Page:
You can control or monitor almost anything. Many devices from televisions and refrigerators to crock pots and speakers include Wi-Fi interfaces. As much as I love technology, I still buy dumb appliances. They are less expensive and less likely to have a peripheral feature fail, like a display or logic circuits.
I had a traditional thermostat for years on my heating and cooling system. Puget Sound energy paid for a Honeywell Wi-Fi replacement. I now have a traditional thermostat again, installed after the Honeywell unit stopped working. I want a Wi-Fi thermostat solution, but I’m worried about investing in a technology that may need replacing more often.
At some point, however, some items, like thermostats may become required technology as power agencies seek to reach into homes as contingencies during strains on the power grid. In the meantime, I’m content controlling my lights, and looking like I’m home even when I’m not home. Bottom line: If you want an appliance, device, or entertainment system to talk to your network, you can probably find it.
The cost has come way down. Amazon regularly sells basic Wi-Fi switches for a couple of dollars. They come in multipacks. That means everyone with Wi-Fi can invoke the magic of remote lights, often without a hub. A phone and an app will suffice, especially if you keep it simple. Higher-end devices, of course, cost more, but they are now in-line with non-Wi-Fi devices–and because the Wi-Fi chips sets have also come down in price, lower-end devices are picking up wireless features.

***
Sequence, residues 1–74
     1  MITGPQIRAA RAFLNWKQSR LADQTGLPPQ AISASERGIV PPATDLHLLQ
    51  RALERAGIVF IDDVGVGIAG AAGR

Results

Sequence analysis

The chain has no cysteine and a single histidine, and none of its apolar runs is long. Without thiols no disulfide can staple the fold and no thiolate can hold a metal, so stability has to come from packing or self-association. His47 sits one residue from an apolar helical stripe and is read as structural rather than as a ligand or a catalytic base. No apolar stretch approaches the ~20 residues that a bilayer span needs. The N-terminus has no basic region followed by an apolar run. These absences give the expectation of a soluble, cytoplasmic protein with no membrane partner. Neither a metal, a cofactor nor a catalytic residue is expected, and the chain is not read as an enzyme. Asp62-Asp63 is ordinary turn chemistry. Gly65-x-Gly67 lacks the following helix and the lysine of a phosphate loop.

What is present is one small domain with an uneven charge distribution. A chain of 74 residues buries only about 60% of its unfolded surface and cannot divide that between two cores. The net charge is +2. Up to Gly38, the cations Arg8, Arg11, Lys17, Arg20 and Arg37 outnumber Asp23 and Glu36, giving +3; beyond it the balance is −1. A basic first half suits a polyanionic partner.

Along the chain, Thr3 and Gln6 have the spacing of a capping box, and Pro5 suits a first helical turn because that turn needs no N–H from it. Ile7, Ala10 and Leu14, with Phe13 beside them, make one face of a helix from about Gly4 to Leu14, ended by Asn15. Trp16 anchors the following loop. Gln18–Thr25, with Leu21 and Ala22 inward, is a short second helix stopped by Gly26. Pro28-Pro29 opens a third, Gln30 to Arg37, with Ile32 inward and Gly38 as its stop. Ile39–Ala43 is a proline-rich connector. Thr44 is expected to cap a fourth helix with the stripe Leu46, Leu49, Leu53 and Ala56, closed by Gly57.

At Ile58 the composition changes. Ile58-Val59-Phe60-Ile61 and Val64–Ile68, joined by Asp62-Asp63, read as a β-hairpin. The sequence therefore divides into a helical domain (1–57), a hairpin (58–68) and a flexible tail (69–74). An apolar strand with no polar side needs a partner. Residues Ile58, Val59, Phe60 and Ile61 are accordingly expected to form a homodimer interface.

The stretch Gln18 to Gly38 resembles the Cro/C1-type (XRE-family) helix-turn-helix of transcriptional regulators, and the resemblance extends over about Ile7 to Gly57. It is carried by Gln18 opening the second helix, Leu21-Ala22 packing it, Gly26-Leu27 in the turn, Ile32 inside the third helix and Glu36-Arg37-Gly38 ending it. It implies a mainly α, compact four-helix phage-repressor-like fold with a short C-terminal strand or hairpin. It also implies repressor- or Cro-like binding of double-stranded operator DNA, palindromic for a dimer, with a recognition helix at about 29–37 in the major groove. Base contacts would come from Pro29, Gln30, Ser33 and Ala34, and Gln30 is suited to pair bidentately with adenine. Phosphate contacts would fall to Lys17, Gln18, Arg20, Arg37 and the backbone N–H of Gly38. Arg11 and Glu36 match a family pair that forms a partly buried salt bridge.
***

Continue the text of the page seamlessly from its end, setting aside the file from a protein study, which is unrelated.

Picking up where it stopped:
5 ways home automation still sucks
Smart light bulbs are stupid. I replaced all incandescent and fluorescent bulbs in my home with LEDs, but they are all dumb LEDs. I have removed all smart light bulbs from my home. I have several. Some were relegated to LED bulbs in lamps with WiFi switches, others sit unilluminated in a drawer.
The big problem: resetting a light bulb requires turning it on and off in a particular sequence until it flashes to confirm the reset. As the price of switches dropped, I decided I had spent too many hours resetting lightbulbs and replaced all of them with smart plugs. At least the plugs offer fairly intuitive reset processes reached via a button.
2.4Ghz only devices. If you want cheap, you might buy a 2.4Ghz only switch. The problem: some expensive stuff also works only with 2.4Ghz networks. I run my home on a high-end Xfinity plan. I rent their router. Most of the time it works well, but it sometimes doesn’t reach the furthest walls of my home. So, I purchased Xfinity Pods. Pods unfortunately force a combined, or hybrid, network, where 2.4Ghz coexists with 5Ghz, and now WiFi 6—devices choose what works best for them. Except the devices that don’t have a choice, except to connect or not. Most choose not to.